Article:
Which Joe gave his name to ‘sloppy joes’? We look at five interesting sandwiches and their lexical origins.
A time when a person or society exists in a state of childlike simplicity or naivety.
- ‘Under protocols developed during cyberspace's age of innocence, if an Internet router claims that it owns a block of address space, the rest of the Internet will take it at its word, and route to it all the traffic for that address block.’
- ‘People would gather to mark the last, defining moment of Motherwell Football Club's age of innocence, even despite the swathe of redundancies that had foretold it months earlier.’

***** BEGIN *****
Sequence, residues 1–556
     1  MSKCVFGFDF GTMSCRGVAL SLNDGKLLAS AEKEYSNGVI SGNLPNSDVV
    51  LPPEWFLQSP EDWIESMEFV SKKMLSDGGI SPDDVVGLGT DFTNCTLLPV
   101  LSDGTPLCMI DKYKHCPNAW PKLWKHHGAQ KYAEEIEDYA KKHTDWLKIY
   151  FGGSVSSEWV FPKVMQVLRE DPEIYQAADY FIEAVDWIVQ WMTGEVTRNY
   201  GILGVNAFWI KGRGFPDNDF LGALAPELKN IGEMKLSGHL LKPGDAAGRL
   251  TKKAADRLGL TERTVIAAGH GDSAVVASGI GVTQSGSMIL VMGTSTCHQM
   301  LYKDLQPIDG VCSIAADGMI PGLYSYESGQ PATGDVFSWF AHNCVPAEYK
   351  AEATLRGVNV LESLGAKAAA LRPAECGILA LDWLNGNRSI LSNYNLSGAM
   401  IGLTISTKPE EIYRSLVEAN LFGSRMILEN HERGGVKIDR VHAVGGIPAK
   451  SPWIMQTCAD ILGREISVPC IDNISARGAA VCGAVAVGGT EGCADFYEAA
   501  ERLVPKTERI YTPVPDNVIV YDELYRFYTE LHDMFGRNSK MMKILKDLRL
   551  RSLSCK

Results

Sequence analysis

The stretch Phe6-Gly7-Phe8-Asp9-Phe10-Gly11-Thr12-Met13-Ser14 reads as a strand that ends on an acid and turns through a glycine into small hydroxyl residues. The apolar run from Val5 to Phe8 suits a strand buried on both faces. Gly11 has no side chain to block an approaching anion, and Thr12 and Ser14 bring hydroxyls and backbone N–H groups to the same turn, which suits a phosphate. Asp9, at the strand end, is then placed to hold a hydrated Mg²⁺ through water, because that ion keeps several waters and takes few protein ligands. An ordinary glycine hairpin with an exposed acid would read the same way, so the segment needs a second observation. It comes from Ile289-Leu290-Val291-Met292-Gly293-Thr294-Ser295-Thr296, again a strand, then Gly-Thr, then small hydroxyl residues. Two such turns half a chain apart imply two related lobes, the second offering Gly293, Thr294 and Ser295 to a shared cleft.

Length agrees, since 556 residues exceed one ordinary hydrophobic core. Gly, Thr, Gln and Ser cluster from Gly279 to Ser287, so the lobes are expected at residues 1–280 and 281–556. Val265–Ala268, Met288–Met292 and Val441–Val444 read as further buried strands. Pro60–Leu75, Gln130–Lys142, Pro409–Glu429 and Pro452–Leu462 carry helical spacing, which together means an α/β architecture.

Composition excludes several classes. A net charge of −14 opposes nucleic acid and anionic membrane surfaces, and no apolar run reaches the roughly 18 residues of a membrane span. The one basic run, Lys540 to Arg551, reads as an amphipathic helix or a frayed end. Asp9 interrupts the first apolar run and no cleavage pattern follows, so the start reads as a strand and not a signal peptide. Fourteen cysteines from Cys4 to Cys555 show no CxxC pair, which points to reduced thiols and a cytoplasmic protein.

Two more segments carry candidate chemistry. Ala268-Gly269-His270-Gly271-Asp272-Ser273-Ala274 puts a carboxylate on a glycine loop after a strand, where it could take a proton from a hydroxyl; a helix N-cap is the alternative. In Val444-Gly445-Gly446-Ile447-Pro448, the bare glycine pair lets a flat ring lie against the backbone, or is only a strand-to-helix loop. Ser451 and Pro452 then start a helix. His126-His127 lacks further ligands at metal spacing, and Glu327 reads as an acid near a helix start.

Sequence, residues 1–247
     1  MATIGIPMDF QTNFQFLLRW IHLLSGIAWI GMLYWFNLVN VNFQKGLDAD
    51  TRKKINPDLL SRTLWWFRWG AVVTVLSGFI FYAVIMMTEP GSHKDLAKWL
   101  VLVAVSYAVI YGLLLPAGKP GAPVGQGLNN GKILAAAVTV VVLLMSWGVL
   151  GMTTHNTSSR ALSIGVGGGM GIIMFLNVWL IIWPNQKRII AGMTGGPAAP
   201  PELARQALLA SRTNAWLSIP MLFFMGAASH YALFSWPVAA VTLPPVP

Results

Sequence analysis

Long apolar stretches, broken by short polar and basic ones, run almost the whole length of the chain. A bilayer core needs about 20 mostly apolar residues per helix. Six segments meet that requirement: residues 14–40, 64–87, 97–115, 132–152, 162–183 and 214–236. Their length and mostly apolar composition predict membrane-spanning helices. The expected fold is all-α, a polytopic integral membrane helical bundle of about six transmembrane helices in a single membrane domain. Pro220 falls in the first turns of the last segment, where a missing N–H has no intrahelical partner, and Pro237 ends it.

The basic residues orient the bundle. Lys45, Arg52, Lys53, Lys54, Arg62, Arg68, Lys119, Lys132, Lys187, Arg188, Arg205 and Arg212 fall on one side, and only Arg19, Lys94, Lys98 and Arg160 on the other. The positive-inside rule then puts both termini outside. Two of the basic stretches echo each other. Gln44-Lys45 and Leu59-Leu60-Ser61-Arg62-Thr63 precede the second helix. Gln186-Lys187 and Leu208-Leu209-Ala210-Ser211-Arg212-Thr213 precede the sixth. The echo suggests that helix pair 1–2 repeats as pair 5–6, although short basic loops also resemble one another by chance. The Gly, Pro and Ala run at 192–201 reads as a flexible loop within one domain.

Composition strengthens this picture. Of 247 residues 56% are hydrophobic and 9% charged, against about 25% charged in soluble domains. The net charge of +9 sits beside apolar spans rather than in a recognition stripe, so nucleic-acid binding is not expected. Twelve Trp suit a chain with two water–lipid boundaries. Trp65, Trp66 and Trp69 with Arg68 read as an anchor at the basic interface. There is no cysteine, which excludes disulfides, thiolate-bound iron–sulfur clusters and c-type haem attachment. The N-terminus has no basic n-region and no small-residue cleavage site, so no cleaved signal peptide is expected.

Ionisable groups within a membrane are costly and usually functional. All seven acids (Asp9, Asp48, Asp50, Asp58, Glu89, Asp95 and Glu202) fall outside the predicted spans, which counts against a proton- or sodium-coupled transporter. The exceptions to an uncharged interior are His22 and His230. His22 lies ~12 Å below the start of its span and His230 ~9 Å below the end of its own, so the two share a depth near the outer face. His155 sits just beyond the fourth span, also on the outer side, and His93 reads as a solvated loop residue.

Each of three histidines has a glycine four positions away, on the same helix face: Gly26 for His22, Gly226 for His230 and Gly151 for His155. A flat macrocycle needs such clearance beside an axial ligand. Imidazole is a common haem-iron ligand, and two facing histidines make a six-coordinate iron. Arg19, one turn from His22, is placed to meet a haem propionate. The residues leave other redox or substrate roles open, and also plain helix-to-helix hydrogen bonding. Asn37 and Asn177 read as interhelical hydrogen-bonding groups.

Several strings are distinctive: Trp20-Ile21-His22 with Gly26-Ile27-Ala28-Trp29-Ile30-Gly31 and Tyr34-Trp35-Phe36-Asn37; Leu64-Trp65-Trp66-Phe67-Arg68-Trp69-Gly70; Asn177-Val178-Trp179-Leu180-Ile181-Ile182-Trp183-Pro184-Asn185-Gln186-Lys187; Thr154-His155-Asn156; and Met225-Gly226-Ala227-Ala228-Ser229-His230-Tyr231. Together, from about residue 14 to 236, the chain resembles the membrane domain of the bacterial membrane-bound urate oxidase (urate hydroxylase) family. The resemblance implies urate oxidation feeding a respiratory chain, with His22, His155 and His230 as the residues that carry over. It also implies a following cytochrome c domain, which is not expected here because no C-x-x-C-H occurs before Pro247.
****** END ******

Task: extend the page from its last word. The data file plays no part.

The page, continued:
- ‘He was no less inclined to speculate on the golf course during that breathtaking age of innocence.’
- ‘They therefore recognise that we cannot escape back to some Norman Rockwell-like age of innocence and isolationism, and fear we are alienating too much of a world to which we are now tightly and inexorably bound.’
- ‘I think it was a sort of age of innocence, before going to university, when he was still a Yorkshire boy really, and he talked about that time in a very nostalgic way.’
We take a look at several popular, though confusing, punctuation marks.
From Afghanistan to Zimbabwe, discover surprising and intriguing language facts from around the globe.
The definitions of ‘buddy’ and ‘bro’ in the OED have recently been revised. We explore their history and increase in popularity.